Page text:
Microsoft CEO, Satya Nadella, says “Since 50 percent of the world’s population lives close to water bodies, we think this is the way we want to think about future data center regions and expansion”. Data centers are now the backbone of the world. Rather than keeping them in tightly stored boxes lining facilities, Microsoft wants to integrate them into the natural world, and use this sustainable energy to help them get there. Using submarine technology and applying this research, Microsoft is tangibly changing the way that we look at storing data. The whole process of creating one of these underwater data centers took a total of 90 days as compared to the usual 2 years of production time. This would allow the company to react to demand without facing shortages. The Azure Cloud platform is becoming the computer of the world, and the world is Microsoft’s literal oyster.

 

Microsoft Makes a Significant Investment in Canadian Cloud

CanadianCloud-copy Microsoft Makes a Significant Investment in Canadian Cloud

Microsoft Cloud Services has been a core contributor to the growth and development of numerous Canadian organizations and is steadily making more investments in Canadian Cloud. Recently announcing their first Canadian Azure Availability Zone in the Azure Canada Central region and an Azure ExpressRoute in Vancouver, this expansion will provide Canadian businesses greater access to new innovations to accelerate their development.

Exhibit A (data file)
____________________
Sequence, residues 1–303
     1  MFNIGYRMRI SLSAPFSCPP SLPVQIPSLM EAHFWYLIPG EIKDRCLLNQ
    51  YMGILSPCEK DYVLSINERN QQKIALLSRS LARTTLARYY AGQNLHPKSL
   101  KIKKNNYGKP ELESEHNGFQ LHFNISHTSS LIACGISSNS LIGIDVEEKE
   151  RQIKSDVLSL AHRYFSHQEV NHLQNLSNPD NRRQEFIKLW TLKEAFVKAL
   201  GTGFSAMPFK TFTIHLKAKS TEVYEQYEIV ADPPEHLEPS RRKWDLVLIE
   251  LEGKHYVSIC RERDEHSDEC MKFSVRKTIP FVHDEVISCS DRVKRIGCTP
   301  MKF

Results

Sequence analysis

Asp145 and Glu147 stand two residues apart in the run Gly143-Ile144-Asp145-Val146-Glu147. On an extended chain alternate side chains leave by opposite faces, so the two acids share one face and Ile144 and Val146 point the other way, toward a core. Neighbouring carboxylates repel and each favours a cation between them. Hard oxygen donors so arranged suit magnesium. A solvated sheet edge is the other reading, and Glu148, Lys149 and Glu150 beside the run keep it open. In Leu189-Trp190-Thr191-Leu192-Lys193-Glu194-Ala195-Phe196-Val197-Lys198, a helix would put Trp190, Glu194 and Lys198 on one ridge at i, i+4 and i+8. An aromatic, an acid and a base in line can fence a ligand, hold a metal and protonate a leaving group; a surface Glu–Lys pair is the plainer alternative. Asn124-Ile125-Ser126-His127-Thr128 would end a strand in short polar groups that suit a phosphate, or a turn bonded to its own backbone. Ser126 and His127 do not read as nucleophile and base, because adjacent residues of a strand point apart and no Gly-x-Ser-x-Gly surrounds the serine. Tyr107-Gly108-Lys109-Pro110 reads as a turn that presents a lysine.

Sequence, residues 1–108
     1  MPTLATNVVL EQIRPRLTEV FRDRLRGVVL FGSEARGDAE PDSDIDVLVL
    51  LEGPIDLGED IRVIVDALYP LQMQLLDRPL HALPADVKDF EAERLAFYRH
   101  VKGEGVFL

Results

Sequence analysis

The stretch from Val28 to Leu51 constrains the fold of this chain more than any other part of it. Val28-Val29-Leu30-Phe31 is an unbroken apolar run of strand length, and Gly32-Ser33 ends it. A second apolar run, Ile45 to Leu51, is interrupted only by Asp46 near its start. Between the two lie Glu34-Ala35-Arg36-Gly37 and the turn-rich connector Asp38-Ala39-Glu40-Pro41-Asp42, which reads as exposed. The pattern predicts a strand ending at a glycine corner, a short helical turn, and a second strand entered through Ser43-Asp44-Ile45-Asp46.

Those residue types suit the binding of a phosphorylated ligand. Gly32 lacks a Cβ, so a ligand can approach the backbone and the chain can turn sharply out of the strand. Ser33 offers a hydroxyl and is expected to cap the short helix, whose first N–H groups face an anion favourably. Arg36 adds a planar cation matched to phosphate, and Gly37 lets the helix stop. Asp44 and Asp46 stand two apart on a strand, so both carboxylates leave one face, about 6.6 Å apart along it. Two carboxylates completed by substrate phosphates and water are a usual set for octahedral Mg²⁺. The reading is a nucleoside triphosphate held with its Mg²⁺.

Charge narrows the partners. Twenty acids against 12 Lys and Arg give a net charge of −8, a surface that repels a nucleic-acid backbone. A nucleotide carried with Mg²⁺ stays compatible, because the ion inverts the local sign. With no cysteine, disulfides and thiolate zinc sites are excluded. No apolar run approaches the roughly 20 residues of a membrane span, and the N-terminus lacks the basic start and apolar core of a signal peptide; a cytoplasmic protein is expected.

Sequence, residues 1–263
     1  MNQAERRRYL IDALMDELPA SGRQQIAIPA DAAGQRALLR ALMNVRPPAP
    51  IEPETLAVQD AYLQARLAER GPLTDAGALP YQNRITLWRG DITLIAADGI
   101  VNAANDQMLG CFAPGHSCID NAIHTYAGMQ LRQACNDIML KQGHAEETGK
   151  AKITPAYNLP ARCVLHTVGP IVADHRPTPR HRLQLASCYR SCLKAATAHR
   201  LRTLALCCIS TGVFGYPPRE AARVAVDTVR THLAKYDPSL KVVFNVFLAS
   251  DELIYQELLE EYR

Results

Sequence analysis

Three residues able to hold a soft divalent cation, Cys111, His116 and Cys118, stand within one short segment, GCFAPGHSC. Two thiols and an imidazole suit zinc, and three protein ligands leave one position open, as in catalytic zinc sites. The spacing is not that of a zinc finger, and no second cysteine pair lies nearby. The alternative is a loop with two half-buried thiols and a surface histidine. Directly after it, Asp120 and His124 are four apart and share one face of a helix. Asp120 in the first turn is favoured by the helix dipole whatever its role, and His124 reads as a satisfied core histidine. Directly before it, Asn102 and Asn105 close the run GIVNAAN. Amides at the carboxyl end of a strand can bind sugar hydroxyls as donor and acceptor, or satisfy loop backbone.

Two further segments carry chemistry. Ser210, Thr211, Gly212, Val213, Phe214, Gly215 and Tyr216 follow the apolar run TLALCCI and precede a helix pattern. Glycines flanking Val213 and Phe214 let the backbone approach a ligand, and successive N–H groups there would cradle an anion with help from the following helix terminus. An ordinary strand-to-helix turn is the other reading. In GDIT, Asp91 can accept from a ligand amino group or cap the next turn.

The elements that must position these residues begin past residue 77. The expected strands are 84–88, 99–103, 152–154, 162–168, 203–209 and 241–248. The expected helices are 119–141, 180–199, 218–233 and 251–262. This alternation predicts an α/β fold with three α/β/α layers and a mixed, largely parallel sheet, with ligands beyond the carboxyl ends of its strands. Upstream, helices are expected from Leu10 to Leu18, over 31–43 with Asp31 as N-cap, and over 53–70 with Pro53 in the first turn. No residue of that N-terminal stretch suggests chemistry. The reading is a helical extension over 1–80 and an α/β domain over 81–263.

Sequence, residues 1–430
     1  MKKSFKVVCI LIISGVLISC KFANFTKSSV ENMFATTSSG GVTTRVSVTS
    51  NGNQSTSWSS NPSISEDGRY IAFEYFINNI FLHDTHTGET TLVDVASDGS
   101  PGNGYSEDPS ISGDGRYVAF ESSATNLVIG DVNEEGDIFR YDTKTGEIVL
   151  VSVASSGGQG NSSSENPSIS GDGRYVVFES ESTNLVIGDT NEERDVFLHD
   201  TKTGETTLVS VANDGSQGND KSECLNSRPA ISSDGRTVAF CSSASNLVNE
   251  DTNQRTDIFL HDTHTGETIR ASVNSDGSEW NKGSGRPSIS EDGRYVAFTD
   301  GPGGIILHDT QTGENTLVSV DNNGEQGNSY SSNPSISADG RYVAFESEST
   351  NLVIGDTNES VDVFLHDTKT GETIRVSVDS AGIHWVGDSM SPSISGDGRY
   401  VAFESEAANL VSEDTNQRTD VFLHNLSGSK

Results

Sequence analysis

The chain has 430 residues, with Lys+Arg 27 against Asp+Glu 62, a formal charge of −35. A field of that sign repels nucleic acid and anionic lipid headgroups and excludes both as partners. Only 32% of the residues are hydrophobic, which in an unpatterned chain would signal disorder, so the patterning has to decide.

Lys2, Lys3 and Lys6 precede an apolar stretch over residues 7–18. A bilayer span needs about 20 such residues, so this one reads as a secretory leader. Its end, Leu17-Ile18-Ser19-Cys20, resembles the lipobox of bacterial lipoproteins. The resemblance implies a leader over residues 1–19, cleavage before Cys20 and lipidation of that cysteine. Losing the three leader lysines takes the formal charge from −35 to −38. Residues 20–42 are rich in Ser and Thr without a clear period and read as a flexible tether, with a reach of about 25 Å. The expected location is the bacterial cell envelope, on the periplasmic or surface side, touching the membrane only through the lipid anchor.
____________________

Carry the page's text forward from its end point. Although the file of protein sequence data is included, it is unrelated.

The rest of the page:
An Availability Zone consists of one or more data centres equipped with independent power, cooling, and networking. Microsoft says it’s the only cloud provider in Canada to offer Availability Zones and disaster recovery with in-country data residency. In addition, this will be the largest expansion of its Canadian-based cloud computing infrastructure since the launch of the first data centre in Canada in 2016. According to Microsoft, this expansion will increase computing capacity by an incredible 1300%.

While Azure ExpressRoutes already exists in Toronto, Montreal, and Quebec City, this is an important investment for the West Coast. A service that primarily provides a private connection between an organization’s on-premises infrastructure and Microsoft Azure data centre, Azure ExpressRoutes provides more reliability, speed, and lower latency for users. Organizations in Vancouver will now have a secure network connection into Azure without having to cross the country. 

The new Azure Availability Zones and ExpressRoute services are set to go live by the end of March. 

 

For more information email us at info@optimusinfo.com or read more here:

Microsoft announces Canadian Azure Availability Zone, and Azure ExpressRoute in Vancouver (IT World Canada)

Microsoft Makes Significant Investments in Canadian Cloud to Fuel Innovation In Canada (Microsoft News Center Canada)